I call them Spirit Trees. And whether they’re rooted in the wilderness or in a run-down part of town, I am fortified and soothed by just knowing that they are there.
Everyone, it seems, loves trees. We plant them, photograph them and seek shade under them. The quality of our open spaces and urban parks are measured and enhanced by the presence of trees. Our children take delight in climbing their branches or hanging from their limbs. And who among us of any age has not enjoyed a chance to swing from a tree with either a rope or while sitting in a swing and looking up through the branches?
Decades ago, during a time in my life when I had been struggling with the rigidity of mainstream faith traditions, I experienced something I had never felt before while leaning against a sprawling old maple tree. Suddenly I felt a warm, steady surge coursing through my entire body. It lasted less than a minute but it felt like hours. It was powerful, private and I knew from someplace within me that what I had just received was without question, deeply spiritual and it came from the very tree I was “visiting.”
Over time I discovered that not all trees would have that same impact on me like that first experience, but if I paid attention, many actually did and sometimes it occurred in unexpected places. These silent, towering sentinels I have come to look for while traveling near and far; I call them Spirit Trees. And whether they’re rooted in the wilderness or in a run-down part of town, I am fortified and soothed by just knowing that they are there. For me, this feeling, a gentle state of being, rises to the highest level of worship. All that is required of me is to be present, to be grateful, to say thank you with a touch or a whispered prayer on my breath.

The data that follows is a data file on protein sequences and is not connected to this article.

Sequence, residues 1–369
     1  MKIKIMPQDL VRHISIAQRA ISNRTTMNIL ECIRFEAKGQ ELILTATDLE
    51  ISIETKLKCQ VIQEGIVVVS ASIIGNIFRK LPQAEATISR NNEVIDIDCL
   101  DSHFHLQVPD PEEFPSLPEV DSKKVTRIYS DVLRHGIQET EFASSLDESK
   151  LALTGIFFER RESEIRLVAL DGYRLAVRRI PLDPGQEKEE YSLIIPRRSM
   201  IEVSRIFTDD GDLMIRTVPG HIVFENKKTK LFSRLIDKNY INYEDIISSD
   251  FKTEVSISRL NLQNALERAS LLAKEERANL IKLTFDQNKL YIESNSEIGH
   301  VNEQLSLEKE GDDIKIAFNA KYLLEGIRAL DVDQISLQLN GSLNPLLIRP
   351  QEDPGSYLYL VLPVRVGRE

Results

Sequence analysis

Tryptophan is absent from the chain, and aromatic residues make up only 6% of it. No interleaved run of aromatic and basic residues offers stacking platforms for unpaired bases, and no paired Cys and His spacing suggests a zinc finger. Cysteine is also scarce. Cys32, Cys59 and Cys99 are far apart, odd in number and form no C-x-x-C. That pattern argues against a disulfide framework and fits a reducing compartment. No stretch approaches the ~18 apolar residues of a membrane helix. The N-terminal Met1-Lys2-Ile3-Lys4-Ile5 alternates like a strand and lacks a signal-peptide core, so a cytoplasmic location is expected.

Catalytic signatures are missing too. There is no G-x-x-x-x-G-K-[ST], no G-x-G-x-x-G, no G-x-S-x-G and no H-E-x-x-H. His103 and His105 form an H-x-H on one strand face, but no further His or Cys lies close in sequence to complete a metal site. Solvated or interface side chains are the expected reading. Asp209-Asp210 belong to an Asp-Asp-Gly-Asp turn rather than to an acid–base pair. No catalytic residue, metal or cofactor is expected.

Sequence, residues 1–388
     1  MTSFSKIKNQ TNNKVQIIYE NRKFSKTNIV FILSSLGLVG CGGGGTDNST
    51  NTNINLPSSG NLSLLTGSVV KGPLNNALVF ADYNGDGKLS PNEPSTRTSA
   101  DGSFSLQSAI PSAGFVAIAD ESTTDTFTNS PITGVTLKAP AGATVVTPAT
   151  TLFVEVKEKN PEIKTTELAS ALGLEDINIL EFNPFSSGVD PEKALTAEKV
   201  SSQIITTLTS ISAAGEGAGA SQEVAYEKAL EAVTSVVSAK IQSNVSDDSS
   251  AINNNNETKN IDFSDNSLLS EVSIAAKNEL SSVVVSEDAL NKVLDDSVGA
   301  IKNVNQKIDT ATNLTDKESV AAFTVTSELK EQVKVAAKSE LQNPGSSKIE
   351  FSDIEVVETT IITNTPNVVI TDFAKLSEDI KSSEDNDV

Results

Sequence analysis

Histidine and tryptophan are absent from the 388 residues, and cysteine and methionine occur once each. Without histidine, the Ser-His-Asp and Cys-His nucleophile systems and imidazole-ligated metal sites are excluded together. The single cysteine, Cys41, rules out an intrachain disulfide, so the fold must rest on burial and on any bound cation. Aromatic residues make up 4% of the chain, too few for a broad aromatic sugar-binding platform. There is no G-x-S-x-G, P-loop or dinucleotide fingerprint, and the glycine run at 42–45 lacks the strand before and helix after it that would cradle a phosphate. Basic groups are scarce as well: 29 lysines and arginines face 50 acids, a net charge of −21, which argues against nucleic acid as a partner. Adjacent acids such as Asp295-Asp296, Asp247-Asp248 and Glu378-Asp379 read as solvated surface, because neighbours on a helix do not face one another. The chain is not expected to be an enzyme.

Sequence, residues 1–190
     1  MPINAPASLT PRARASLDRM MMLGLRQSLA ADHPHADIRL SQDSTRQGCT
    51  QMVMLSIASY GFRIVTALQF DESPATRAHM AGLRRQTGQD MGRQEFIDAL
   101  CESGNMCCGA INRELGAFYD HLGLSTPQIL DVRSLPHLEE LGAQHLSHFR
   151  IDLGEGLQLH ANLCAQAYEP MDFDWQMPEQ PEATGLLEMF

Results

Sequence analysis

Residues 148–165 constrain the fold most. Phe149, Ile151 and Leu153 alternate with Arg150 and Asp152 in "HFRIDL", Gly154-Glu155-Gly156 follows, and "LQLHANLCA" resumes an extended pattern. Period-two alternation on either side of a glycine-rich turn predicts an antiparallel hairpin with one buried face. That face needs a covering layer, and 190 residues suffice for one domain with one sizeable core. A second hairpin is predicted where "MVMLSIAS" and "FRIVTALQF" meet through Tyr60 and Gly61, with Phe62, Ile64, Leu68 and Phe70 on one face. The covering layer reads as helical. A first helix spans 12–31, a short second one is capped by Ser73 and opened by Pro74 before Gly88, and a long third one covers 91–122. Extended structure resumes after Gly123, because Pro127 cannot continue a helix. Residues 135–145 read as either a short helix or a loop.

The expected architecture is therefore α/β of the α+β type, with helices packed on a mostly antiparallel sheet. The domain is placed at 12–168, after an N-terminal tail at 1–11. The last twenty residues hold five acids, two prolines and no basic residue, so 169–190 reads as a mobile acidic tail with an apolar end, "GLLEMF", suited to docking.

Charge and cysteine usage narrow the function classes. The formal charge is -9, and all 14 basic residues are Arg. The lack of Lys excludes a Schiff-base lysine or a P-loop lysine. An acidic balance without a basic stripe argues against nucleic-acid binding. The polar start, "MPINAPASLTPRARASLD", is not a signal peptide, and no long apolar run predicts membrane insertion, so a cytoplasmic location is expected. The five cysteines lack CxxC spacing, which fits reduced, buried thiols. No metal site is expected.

Having received this gift, a blessing really, obliges me to also share this joy with others whenever possible. In both ministry and secular settings I have taken every opportunity to encourage others, as individuals or in groups of different ages, to wait, reflect and experience the spiritual strength of trees for themselves. Sometimes we do so in total silence and other times we intentionally locate a retreat workshop, discussion, or guided imagery session under the canopy of tree limbs and leaves.
These days even though I’m nestled peacefully within a wonderful faith community where worship is deep and meaningful, I seek still the church of canopies and roots, in trees standing silent and casting their strength and Spirit. It makes me smile to know that all I have to do is go looking, expecting, and wait.